Chuck Landon: Ugly game suggests end to basketball series, too
CHARLESTON — Maybe it’s time to end this series between Marshall and West Virginia University, too.
I mean, what’s the point?
The Mountaineers already have quit playing Marshall in football.
And after watching Marshall’s 69-59 loss to WVU here Saturday night in the Civic Center Coliseum, it might be time to pull the plug on the basketball series as well.
Let’s be honest.
Did anybody actually enjoy watching this ugly display of basketball that was long on shovin’, muggin’ and Huggins and alarmingly short on character?
It was impossible to find this game entertaining.
Except, of course, for an officiating supervisor. It was a veritable clinic for officials, taxing their knowledge of just about every sportsmanship guideline in the rule book.
Who had fun? Show of hands. I can’t imagine too many were raised.
It was ugly basketball between two ugly playing teams that got disgustingly ugly near the end of the ugly game.
I don’t know about you, but I am about uglied-out on this series.
That’s because this brutal game which is punctuated with incidents of players losing their composure has become the rule in this series, not the exception.
It happened here last season.
And this year it got even worse.
The box score told the sordid tale. Five players were called for technical fouls and five players were ejected. Three of the technicals were on Marshall players, while four of the ejections were Mountaineers.
Marshall’s Nigel Spikes and Elijah Pittman were assessed technical fouls, while Rob Goff was cited for a flagrant technical and was ejected. For WVU, Juwan Staten and Gary Browne received technicals, while Terry Henderson, Aaric Murray, Jabarie Hinds and Eron Harris all were ejected for leaving the bench area.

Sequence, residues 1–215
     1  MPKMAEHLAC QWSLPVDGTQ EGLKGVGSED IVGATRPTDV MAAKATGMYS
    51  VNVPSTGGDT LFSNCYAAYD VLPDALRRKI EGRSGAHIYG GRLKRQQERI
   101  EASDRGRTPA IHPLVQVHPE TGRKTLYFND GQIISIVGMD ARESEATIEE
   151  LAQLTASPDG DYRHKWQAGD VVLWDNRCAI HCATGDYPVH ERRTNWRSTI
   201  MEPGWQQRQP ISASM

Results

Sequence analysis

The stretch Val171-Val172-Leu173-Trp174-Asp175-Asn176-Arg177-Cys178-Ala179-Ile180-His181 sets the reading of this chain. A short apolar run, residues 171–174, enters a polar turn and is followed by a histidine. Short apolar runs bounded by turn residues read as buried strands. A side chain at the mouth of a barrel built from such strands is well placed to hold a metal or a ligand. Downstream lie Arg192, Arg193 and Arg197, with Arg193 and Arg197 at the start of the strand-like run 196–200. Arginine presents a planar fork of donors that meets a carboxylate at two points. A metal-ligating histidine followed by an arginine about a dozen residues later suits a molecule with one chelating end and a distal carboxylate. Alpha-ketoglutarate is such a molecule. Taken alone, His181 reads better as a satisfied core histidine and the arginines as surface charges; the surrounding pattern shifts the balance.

All of the ejections stemmed from an incident that exploded with only 1:37 left to play.
Goff got knocked to the floor and a WVU player appeared to fall on top of him.
Goff, who was kicked in the head by a WVU player earlier in the game while going after a loose ball, had enough. He exploded, flailing a knee at the WVU player atop him.
Next, a skirmish commenced that included the WVU players who left the bench area.
I wish I could say I was surprised. But I wasn’t. The tension, emotion and hard feelings had been brewing and escalating the entire game.
“It all built up from the beginning,” said Pittman. “Then, at the end it all blew up.”
Did it ever.
The sobering part is this is the sort of incident that has been defining this series recently.
Is that what college basketball is supposed to be about? I don’t think so. But that’s what this Marshall-WVU basketball series has become all about.
And that’s a shame.
The only two major college basketball programs in the state of West Virginia should be able to play a basketball game without it denigrating into a Hatfield-McCoy feud.
But, unfortunately, that hasn’t been possible lately.
So, again, what is the point?
Remember, this is supposed to be fun. It’s supposed to be entertainment. It’s supposed to be a respite from the dog-eat-dog, hate-thy-neighbor world we live in.
And if it’s not, then why bother?
When I broached Marshall coach Tom Herrion with the premise that, perhaps, this series should be ended, he didn’t agree. But when I remarked that these games weren’t fun to watch, he had an interesting comment.
“They’re not fun to coach, either,” said Herrion.
Then, what’s the point?
Chuck Landon is a columnist for The Herald-Dispatch. Call him at 304-526-2827, or email him at firstname.lastname@example.org.
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